In a show of solidarity for the South Korean fencer, I am refusing to leave my pub until they reverse their decision and allow me to have another pint. Or perhaps two. After all, we must all stick together.
What a thing. South Korea's Shin Lam had just advanced to the gold medal match in the women's fencing epee semifinal when the officials said, "Hold on a second!" Literally.
They reset the clock from zero back to one second, giving Germany's Britta Heidemann another chance to land a winning strike against Shin. Heidemann did so, sending her on to the gold medal match and setting off Shin's sit-down strike on the competition piste.
Shin wasn't being a bad sport: Fencing rules dictate that if you protest an official's decision, you cannot leave the piste until there is a final ruling. That's not necessarily bad. The Allyson Felix/Jeneba Tarmoh tie saga might have ended a tad earlier had the two been forced to stay on the track in the rain.
But it was embarrassing and agonizing for Shin. She had hoped to stand on top of the medal podium. Instead, she sat at the edge of the platform for nearly an hour, occasionally choking back tears, occasionally letting them roll down her cheeks. She was the loneliest athlete in the Olympics.
Eventually the officials finally found time in their hectic schedule to issue a ruling. They rejected the protest and Shin left in tears while the crowd rightfully booed. Shin subsequently lost the bronze medal match as well.
"It was a very difficult hour," Shin told reporters. "While I was up there I was thinking all the time that I've spent training for the Olympics. I still don't understand why my match was not declared finished after her last-third hits."
Who can blame her? You train for the Olympics, you compete as best you can, you earn a shot at the gold medal -- only to have it all end because an official can't read a clock properly. As her coach complained to reporters," Every referee said that he understood our position yet they have not done anything. It was one second left and she made three moves. The clock was set back to one second when it was already on zero."
Thanks to the added second, Heidemann went on to win the gold medal, so naturally she didn't see anything wrong with what the officials did, telling reporters the whole protest was unnecessary: "When there is one second left on the clock, it could be one second or one second and 99 hundredths of a second."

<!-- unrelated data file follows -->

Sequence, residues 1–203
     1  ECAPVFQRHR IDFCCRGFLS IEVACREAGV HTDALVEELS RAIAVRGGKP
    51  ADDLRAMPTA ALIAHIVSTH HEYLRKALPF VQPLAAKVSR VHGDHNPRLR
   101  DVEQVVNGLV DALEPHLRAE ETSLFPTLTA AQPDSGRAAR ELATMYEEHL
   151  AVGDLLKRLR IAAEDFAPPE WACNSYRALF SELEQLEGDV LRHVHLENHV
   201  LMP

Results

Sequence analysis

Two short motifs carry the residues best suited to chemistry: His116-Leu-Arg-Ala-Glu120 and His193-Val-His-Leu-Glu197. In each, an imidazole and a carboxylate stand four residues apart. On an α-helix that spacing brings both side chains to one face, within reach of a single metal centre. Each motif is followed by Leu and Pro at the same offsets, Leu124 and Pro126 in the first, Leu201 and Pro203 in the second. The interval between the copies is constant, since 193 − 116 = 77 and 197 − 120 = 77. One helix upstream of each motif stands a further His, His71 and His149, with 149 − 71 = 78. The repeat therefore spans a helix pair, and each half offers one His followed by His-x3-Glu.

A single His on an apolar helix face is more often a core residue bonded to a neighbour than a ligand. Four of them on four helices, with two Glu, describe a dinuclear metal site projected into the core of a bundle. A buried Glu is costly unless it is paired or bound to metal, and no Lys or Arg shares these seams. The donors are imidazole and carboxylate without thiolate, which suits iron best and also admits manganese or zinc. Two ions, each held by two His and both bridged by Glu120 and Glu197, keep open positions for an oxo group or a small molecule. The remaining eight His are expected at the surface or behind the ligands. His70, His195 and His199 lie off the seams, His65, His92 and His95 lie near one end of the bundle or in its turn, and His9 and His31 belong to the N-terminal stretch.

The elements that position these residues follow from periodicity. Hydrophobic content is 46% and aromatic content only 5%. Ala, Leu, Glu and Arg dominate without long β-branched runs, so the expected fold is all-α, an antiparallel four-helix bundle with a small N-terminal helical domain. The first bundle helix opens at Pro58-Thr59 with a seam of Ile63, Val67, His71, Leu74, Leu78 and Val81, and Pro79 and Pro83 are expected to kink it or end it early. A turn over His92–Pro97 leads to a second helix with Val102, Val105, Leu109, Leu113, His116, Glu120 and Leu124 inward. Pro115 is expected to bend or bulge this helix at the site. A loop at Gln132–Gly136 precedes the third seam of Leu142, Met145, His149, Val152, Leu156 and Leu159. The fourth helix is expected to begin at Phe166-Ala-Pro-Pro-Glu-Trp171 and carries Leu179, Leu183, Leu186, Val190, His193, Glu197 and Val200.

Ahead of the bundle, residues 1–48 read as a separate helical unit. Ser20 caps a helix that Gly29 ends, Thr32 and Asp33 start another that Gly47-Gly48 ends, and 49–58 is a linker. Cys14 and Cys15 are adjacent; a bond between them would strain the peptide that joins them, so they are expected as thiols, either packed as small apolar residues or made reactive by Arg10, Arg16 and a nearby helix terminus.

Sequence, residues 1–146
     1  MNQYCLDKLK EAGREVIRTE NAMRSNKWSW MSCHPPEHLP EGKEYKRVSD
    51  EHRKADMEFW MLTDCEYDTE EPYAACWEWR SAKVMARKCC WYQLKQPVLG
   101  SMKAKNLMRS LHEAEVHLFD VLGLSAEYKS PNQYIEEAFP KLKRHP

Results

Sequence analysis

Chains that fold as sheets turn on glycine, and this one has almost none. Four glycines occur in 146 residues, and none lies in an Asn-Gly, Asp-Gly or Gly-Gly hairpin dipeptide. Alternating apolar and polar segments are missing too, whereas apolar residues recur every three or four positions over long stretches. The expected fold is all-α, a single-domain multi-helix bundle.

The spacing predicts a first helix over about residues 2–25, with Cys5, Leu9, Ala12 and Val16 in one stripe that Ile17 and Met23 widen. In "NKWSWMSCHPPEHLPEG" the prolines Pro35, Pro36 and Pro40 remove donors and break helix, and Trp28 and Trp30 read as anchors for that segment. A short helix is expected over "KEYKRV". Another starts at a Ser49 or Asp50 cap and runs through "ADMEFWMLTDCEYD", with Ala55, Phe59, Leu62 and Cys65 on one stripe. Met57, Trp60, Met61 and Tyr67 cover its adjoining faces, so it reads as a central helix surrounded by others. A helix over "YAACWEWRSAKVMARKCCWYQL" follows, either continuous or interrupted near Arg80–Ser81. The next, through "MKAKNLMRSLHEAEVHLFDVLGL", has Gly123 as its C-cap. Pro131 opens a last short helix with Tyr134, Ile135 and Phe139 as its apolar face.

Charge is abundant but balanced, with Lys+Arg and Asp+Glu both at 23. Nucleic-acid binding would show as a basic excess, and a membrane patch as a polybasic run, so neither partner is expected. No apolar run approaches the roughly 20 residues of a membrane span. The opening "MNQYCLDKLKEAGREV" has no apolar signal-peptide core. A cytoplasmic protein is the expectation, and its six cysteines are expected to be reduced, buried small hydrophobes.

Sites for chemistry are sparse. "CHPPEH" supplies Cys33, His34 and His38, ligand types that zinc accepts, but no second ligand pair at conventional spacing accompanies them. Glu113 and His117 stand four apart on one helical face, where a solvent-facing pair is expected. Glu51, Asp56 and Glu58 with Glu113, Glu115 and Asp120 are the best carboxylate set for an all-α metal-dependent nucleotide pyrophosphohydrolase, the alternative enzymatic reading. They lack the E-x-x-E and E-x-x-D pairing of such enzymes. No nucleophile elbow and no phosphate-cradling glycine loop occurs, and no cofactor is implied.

She said that perhaps they should use clocks that break the remaining time down into half-seconds.
Yes, that might be a good idea. When basketball time clocks show tenths of a second in the final minute and when other Olympic sports determine results to the hundredth, and even thousandth of a second, it might be best to rely on a system a little more accurate than counting "One Mississippi, two Mississippi."
This wasn't quite the 1972 U.S./Soviet basketball game in Munich -- Heidemann received only one second chance, not two -- but it still was ugly. Of course, it wasn't unexpected. Judging controversies are as much a part of the Olympics as corruption and extraordinarily high beer prices.
Why, there was controversy in the men's gymnastics team as well Monday. The British team initially finished second behind China but after a Japanese protest resulted in a scoring change on the pommel horse, England was dropped to the bronze. Given that it didn't cost them gold and that Great Britain still earned its first team medal in the sport since 1912 (they were the Cubs of gymnastics), the gymnasts weren't too bent out of shape by the ruling.
But we do not tune into the Olympics to watch officials huddle at a table while athletes scratch their heads or sit and weep. And athletes should not train for years only to have their fate determined by officials better fit for
the Monty Python Olympics.
The best athletes in the world compete in the Olympics. They deserve the best judges and clocks as well.